As your parents age, it can become a struggle to respect their autonomy and independence while making sure you take all the right steps to keep them protected for the future. It's a phase in life that comes with some difficult decisions that you and your family will have to make together. One of those decisions is setting up a power of attorney.
A Power of Attorney Guide
A power of attorney is a legal designation you can provide to another individual to act as your representative in business, financial and health decisions that would otherwise require your explicit input. It's one of the most important documents that a senior should have.
Fortunately, setting up a power of attorney is fairly simple and can save your family a lot of time and trouble down the line. It's an important step to take sooner rather than later, even if your parent is still in good health and still has a sound mind.
Reasons for Seniors to Consider a Power of Attorney
A power of attorney gives a chosen family member or loved one the ability to step in and make decisions that need to be made at moments when a parent or senior either can't do so themselves or would rather not have to.
There are a lot of scenarios where it's convenient for seniors to have a power of attorney and others where it's crucial.
Some examples include:
- If paying bills and staying on top of other financial obligations becomes difficult and they want to offload some of that work to a trusted advisor or family member.
- If they have an upcoming surgery and want to know someone is empowered to be in charge during the surgery and while they recover.
- If they want to make sure all financial and health care decisions and responsibilities will be covered in case of an accident or if they become too ill to manage them themselves.
- If they're traveling in retirement and need someone to take care of their responsibilities back home.
- If they've received an Alzheimer's or dementia diagnosis and want to make sure their loved ones can take over making financial, health and legal decisions for them when the time comes that they're mentally incapable to do so.
In short, if there's any reason at all that a senior may benefit from someone else having the legal status to help make important decisions and manage their responsibilities, then setting up a power of attorney is in order.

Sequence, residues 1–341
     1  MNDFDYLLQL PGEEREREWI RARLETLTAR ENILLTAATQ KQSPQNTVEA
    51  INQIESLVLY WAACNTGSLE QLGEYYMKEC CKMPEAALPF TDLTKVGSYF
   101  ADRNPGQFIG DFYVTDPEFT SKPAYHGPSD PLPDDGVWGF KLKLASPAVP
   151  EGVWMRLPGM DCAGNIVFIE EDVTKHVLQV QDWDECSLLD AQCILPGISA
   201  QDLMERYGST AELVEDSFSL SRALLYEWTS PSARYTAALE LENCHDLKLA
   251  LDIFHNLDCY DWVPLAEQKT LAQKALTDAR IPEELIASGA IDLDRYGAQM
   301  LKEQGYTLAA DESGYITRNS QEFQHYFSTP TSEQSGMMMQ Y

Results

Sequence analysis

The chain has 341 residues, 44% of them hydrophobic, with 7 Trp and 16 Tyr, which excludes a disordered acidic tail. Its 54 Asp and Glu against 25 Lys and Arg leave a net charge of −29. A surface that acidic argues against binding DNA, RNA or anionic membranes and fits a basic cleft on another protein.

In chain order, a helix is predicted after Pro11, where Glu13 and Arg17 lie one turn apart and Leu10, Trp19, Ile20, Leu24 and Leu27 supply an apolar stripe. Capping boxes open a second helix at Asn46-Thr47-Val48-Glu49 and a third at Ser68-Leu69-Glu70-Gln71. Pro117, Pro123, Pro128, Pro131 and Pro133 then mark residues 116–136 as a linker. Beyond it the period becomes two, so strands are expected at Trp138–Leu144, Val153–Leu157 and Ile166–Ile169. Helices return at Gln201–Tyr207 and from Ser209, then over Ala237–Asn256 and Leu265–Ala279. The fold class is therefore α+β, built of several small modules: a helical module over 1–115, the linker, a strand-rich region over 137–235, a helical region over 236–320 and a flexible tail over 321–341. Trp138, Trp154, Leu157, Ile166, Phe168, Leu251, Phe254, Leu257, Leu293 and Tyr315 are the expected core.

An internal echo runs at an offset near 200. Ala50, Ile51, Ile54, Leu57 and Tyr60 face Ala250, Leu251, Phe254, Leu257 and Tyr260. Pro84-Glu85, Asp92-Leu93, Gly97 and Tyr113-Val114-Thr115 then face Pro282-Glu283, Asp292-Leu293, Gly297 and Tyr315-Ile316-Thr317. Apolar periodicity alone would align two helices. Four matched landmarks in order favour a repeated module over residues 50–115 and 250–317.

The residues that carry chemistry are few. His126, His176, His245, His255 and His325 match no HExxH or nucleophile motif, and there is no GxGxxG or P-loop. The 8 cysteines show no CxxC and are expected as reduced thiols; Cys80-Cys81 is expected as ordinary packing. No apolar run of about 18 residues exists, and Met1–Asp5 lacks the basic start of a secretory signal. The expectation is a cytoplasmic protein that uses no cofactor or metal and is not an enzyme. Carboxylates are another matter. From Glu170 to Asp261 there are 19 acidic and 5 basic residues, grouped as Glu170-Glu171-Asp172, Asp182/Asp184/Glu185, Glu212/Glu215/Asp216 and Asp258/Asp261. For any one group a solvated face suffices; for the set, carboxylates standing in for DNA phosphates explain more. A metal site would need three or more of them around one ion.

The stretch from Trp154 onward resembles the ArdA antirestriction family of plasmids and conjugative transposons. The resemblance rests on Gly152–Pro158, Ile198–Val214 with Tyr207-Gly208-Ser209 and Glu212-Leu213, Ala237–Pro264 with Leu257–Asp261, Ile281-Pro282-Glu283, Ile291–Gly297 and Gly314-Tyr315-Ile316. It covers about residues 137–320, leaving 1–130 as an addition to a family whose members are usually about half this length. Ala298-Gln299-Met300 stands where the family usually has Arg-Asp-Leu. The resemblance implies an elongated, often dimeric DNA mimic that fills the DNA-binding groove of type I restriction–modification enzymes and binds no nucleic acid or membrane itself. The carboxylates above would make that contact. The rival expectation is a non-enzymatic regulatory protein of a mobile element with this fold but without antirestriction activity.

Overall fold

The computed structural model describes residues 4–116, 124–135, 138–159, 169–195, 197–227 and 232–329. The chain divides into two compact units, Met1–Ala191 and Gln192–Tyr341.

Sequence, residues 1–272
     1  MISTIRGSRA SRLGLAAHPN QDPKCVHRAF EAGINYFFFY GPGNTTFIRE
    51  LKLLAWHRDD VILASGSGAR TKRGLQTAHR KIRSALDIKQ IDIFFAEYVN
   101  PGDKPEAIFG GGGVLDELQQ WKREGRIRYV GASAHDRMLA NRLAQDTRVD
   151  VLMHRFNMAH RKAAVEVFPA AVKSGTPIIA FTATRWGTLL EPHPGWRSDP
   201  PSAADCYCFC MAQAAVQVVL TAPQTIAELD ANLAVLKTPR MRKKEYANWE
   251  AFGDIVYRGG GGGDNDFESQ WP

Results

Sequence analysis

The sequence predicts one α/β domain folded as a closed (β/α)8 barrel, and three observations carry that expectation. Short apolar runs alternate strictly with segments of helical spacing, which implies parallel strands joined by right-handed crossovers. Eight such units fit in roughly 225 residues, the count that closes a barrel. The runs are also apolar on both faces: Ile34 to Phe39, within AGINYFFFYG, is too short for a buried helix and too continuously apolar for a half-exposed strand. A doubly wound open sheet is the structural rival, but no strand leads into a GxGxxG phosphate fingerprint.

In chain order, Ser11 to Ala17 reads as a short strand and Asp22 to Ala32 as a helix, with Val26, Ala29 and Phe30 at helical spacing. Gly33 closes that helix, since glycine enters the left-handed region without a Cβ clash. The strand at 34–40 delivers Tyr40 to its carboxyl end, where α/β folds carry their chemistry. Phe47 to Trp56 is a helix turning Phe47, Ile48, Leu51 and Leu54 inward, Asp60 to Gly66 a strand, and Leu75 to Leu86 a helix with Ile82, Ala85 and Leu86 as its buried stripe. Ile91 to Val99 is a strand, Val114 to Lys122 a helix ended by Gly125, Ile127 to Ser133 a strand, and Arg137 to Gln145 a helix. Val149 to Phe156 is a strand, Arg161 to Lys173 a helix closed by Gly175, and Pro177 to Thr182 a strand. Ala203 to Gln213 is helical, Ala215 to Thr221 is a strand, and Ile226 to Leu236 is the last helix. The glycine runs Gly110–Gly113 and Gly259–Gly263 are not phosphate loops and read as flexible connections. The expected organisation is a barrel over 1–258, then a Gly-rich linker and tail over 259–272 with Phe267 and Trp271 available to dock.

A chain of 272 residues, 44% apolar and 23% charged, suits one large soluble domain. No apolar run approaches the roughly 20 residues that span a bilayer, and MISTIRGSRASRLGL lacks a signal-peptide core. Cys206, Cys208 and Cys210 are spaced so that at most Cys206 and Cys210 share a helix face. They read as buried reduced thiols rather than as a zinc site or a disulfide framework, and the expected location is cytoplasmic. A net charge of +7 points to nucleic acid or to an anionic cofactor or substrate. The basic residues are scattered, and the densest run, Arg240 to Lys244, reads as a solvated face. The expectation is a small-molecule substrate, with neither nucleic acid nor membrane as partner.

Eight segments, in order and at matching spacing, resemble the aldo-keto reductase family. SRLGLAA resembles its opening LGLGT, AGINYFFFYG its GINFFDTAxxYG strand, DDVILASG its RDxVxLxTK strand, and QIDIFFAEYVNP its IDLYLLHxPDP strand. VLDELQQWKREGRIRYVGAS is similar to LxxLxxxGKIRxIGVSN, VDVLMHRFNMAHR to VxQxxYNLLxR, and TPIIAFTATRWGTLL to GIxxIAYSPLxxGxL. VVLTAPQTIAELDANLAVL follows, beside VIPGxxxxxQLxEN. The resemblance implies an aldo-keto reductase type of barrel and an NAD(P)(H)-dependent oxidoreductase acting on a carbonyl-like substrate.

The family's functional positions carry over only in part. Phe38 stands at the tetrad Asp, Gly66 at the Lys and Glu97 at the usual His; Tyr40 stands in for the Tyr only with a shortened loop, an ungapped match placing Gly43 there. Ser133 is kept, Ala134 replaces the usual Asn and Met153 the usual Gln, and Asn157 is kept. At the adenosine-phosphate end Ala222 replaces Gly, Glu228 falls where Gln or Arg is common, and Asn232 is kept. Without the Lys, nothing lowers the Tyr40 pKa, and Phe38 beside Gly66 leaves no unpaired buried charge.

When Should a Senior Set Up a Power of Attorney?
The short answer is: before they need it. The sooner you sit down to discuss a power of attorney and get it set up, the better. That becomes even more so the case if your parent receives a concerning diagnosis.
If you wait too long and your parent is determined no longer competent to make their own decisions, you'll be stuck going through a complicated and expensive court process to set up a conservatorship and/or guardianship. A power of attorney is a much simpler process and one your loved one has more control over. It really is better to get it done long before you need it.
There are a few main things you'll want to consider when choosing the right agent:
- It doesn't have to be family. If your parent has an adviser or close friends, they consider to be a better solution rather than choosing between their children, that's a viable option here as well.
- Knowledge is helpful too. Someone familiar with medical procedures and treatments may be able to make better decisions as medical power of attorney; the same goes for someone with experience in accounting as a financial power of attorney. Your parent should consider if their agent has the required knowledge to make informed decisions
- They can choose more than one agent. A senior can choose one agent for financial power of attorney and another for medical power of attorney. Or they can choose multiple agents for both. This can be a good way to spread the responsibility around if there's a good chance one of the agents might be unavailable when needed or overwhelmed by the tasks at hand. But be careful here – if there are multiple agents who all disagree with each other, that will create a fraught situation. It's often better to have one person in each role. They can also designate an alternate agent in the event that the first agent is unable to serve.
- The most important factor of all here is trust. Who can your parent trust completely to always put their needs and well-being first? There's a risk of hurt feelings here if a parent acknowledges that they trust one of their family members more than the others, but at the end of the day, this is their decision. The rest of the family should be prepared to accept it and put their own egos aside.
Once your parents have decided who they want their agent to be and what powers they want to grant them, the hard part is done. Now you simply need to meet with a lawyer to have them draw up the paperwork.
Let us help you determine the best option for your specific situation. If you have questions about any of the above, or you're simply looking to discuss your options, we would be happy to meet with you for a complimentary meeting. Call our office today at (256) 519-9970 to schedule a time for us to sit down and talk.